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I work on C# window ...vs05 ......i want to put space on enum string ....i do it below code have this.....My problem is after select a value from the combo how can i get the index number of this value .....and if i gone to edit mode then i need to show the value what is user already selected .....how to get enum selected value on basis of index number

public enum States
  [Description("New Mexico")]
  [Description("New York")]
  [Description("South Carolina")]

public static string GetEnumDescription(Enum value)
   FieldInfo fi = value.GetType().GetField(value.ToString());

   DescriptionAttribute[] attributes =
                     typeof(DescriptionAttribute), false);

   if (attributes != null && attributes.Length > 0)
      return attributes[0].Description;
      return value.ToString();

public static IEnumerable<T> EnumToList<T>()
    Type enumType = typeof(T);

    // Can't use generic type constraints on value types,
    // so have to do check like this
    if (enumType.BaseType != typeof(Enum))
       throw new ArgumentException("T must be of type System.Enum");

    Array enumValArray = Enum.GetValues(enumType);
    List<T> enumValList = new List<T>(enumValArray.Length);

    foreach (int val in enumValArray)
       enumValList.Add((T)Enum.Parse(enumType, val.ToString()));

    return enumValList;

 private void Form1_Load(object sender, EventArgs e)
    //cboSurveyRemarksType = new ComboBox();
    foreach (States state in EnumToList<States>())
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I tried doing this in stackoverflow.com/questions/796607/… - lots of people gave great ideas and answers! –  scraimer Dec 21 '09 at 13:44

3 Answers 3

  1. You could iterate through the enums available (Enum.GetValues(enumType)) and see which one has the description chosen (not the best performance but it is probably not significant for combo-boxes).
  2. You could create your own attribute, and have the index there as well (ugly in terms of coding practice)
  3. If you want to improve performance on option #1 you could pre-cache a Dictionary<String, Integer> object with the descriptions of each enum, and use that instead.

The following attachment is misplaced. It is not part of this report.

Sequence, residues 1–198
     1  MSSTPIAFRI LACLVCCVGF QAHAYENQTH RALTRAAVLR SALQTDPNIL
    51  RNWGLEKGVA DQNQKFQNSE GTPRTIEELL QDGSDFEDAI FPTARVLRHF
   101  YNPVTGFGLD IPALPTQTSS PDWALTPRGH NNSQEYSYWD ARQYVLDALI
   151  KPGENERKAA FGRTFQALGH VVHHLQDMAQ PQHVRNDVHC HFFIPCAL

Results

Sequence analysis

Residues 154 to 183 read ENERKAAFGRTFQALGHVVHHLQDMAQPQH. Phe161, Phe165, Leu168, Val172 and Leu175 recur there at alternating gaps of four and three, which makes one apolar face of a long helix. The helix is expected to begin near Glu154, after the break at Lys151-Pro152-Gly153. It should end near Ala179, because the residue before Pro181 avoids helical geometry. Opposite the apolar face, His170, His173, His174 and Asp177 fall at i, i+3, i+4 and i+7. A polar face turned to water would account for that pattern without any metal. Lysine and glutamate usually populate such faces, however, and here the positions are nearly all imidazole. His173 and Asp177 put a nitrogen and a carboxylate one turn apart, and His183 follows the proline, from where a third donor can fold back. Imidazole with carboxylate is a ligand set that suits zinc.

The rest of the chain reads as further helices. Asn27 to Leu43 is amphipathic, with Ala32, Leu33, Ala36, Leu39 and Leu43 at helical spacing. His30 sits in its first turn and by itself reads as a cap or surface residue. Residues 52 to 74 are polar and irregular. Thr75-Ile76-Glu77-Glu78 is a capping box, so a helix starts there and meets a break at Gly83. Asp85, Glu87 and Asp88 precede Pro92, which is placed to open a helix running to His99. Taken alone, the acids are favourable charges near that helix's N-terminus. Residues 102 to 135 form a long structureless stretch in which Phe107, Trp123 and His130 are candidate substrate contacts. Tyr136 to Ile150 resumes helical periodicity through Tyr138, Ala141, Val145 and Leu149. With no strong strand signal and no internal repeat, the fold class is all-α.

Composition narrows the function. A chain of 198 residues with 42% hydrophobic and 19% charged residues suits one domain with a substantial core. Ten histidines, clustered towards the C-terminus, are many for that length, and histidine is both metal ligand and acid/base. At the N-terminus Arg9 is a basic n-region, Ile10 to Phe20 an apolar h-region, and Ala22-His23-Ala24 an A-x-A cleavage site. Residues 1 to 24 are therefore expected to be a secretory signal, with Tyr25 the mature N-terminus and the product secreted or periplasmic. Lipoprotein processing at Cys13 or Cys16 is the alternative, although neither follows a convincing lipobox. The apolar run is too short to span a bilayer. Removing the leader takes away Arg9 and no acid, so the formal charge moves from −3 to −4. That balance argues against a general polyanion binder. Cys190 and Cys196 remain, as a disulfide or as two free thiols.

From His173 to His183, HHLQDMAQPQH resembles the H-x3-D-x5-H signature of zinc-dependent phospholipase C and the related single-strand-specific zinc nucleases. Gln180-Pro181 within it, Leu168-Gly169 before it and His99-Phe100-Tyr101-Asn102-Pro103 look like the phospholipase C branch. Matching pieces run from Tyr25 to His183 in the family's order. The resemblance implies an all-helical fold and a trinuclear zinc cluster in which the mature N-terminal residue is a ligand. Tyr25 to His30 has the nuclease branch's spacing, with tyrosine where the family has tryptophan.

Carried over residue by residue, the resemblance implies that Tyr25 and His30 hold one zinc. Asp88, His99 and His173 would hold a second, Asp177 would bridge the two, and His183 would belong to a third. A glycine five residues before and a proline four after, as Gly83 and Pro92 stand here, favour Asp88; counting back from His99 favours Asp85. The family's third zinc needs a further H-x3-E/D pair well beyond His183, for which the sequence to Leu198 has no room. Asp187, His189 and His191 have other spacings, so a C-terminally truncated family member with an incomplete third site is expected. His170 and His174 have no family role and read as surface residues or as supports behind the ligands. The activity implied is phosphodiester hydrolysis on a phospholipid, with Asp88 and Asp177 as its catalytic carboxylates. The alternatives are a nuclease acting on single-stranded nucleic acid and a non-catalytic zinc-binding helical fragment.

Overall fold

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So you have an integer and you want to convert it back to the enum type? Just cast it. So long as you haven't explicitly specified any values in your enum declaration, and so long as the "index" you've got is 0-based you should be able to do:

States state = (States) stateIndex;

(Note that by normal .NET naming conventions this should be called State by the way - plurals are usually reserved for flags.)

This answer is based on the text of your question rather than your code - I can't see anything in your code which really refers to an index.

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Simple. You can cast the selected index (which is an integer) to the States enum. I have written a simple test method which demonstrates a few examples of using the enum that should help clear the concept:

private static void TestMethod()
        foreach (States state in EnumToList<States>())
            Console.Write(GetEnumDescription(state) + "\t");
            Int32 index = ((Int32)state);
            Console.Write(index.ToString() + "\t");
            States tempState = (States)index;


If you don't understand, would be happy to clarify further.

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The problem he's having is that he wants to go from Name to Index. You're offering the reverse. –  Aviad Ben Dov Aug 10 '09 at 16:37
I believe he asks for both. His last phrase is "how to get enum selected value on basis of index number" –  dtmunir Aug 13 '09 at 7:50

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